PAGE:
Using Scala version 2.11.12 (OpenJDK 64-Bit Server VM, Java 1.8.0_232)
Type in expressions to have them evaluated.
Type :help for more information.

scala> val hive = com.hortonworks.hwc.HiveWarehouseSession.session(spark).build()
hive: com.hortonworks.spark.sql.hive.llap.HiveWarehouseSessionImpl = com.hortonworks.spark.sql.hive.llap.HiveWarehouseSessionImpl@5995ba6c

scala> hive.sql("select * from acidtable").show

| id| name|col3| col4|col5| col6|
|  1|name1|   2|name2|   3|name3|
|  4|name4|   5|name5|   6|name6|

Optional HWC configurations

Optionally, you can set the following properties:

  • spark.datasource.hive.warehouse.write.path.strictColumnNamesMapping — Validates the mapping of columns against those in Hive to alert the user to input errors. Default = true.
  • spark.sql.hive.conf.list — Propagates one or more configuration properties from the HWC to Hive. Set properties on the command line using the --conf option. For example:
    --conf spark.sql.hive.conf.list="hive.vectorized.execution.filesink.arrow.native.enabled=true;hive.vectorized.execution.enabled=true"

Do not attempt to set spark.sql.hive.conf.list programmatically.

Working with different languages

You use HWC APIs to perform basic read and write operations. You need to understand how to use HWC APIs with different languages. The following examples show basic capabilities that are covered in detail later in this documentation.

Use with Scala

import com.hortonworks.hwc.HiveWarehouseSession
import org.apache.spark.sql.{SaveMode, SparkSession}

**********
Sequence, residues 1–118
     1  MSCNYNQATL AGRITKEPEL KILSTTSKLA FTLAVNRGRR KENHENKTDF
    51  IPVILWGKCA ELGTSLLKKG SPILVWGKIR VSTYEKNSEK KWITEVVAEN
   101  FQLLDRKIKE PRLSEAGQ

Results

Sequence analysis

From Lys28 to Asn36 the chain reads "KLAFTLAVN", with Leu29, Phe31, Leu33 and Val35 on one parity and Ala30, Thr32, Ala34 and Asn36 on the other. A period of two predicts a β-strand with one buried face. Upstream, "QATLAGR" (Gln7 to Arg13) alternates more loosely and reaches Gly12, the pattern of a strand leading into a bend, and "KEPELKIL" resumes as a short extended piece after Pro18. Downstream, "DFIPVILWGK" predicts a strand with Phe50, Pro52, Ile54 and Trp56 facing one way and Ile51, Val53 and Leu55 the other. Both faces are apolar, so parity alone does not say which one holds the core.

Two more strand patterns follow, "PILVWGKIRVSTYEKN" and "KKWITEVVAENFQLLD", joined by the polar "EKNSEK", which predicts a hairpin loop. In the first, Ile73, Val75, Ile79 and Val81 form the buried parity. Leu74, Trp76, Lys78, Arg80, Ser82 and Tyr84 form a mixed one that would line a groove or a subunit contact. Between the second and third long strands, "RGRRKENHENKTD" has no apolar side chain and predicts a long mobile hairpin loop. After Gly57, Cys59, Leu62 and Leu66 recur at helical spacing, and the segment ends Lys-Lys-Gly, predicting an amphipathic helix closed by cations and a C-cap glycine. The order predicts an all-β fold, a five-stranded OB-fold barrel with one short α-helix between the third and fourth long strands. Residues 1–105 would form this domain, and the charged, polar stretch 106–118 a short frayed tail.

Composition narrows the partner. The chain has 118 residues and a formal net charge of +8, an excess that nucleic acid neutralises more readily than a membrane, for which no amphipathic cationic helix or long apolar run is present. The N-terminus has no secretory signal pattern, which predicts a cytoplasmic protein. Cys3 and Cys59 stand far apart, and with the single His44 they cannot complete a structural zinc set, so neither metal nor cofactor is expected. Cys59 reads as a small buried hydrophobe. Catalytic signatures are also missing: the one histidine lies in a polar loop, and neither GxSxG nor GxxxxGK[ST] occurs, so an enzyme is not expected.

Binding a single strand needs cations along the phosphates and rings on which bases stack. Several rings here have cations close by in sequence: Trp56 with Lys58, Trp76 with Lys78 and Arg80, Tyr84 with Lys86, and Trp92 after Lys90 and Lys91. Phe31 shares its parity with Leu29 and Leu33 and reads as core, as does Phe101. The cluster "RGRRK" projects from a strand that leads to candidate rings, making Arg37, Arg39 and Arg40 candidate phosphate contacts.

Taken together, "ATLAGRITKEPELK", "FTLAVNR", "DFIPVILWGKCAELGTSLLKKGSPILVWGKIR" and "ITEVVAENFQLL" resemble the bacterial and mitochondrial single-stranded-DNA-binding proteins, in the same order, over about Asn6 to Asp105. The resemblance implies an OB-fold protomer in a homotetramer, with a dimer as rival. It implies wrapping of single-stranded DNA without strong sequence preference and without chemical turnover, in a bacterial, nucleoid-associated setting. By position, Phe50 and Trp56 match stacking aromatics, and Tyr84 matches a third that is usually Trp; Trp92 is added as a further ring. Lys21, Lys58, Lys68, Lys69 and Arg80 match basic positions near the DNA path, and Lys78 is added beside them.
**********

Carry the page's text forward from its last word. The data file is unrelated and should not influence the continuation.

object HWCApp {

  def main(args: Array[String]): Unit = {
    val spark = SparkSession.builder.appName("HWCApp").enableHiveSupport.getOrCreate
    val hwc = HiveWarehouseSession.session(spark).build
    // create sample data
    val tvSeries = createSampleDataDf(spark)
    val tableName = "tv_series"

    hwc.dropTable(tableName, true, true)

    println(s"=======Writing to hive table - $tableName via HWC=======")
    // write to hive table via HWC
      .option("table", tableName)

    println(s"=======Reading hive table $tableName via HWC=======")
    // Read via HWC
    hwc.sql(s"select * from $tableName").show(truncate = false)


  private def createSampleDataDf(spark: SparkSession) = {
    spark.sql("drop table if exists tv_series_dataset")
    spark.sql("create table tv_series_dataset(id int, name string, genres string, rating double) using orc")
    spark.sql("insert into tv_series_dataset values " +
      "(1, 'Chernobyl', 'Drama|History|Tragedy|Science', 9.4), " +
      "(2, 'Westworld', 'Sci-fi', 8.6), (3, 'Sense8', 'Sci-fi', 8.3), " +
      "(4, 'Person of Interest', 'Drama|Sci-fi', 8.4), " +
      "(5, 'Its okay to not be okay', 'Drama', 8.7), " +
      "(6, 'Daredevil', 'Action|Sci-fi', 8.6), " +
      "(7, 'Money Heist', 'Drama|Thriller', 8.3), " +
      "(8, 'Breaking Bad', 'Crime|Drama', 9.5)")
    spark.sql("select * from tv_series_dataset")

Use with Java

The following Java code is equivalent to the scala code above.

import com.hortonworks.hwc.HiveWarehouseSession
import org.apache.spark.sql.Dataset;
import org.apache.spark.sql.Row;
import org.apache.spark.sql.SaveMode;
import org.apache.spark.sql.SparkSession;

public class HWCApp {
  public static void main(String[] args) {
    SparkSession spark = SparkSession.builder().appName("HWCApp").enableHiveSupport().getOrCreate();
    // HiveWarehouseSession creation
    HiveWarehouseSession hwc = HiveWarehouseBuilder.session(spark).build();
    // create sample data
    Dataset<Row> tvSeries = createSampleDataDf(spark);
    String tableName = "tv_series";
    hwc.dropTable(tableName, true, true);
    System.out.println("=======Writing to hive table - " + tableName + " via HWC=======");
    // write data to hive table via HWC
        .option("table", tableName)

    System.out.println("=======Reading hive table - " + tableName + " via HWC=======");
    // read hive table as dataframe using HWC
    hwc.sql("select * from " + tableName).show(false);

  private static Dataset<Row> createSampleDataDf(SparkSession spark) {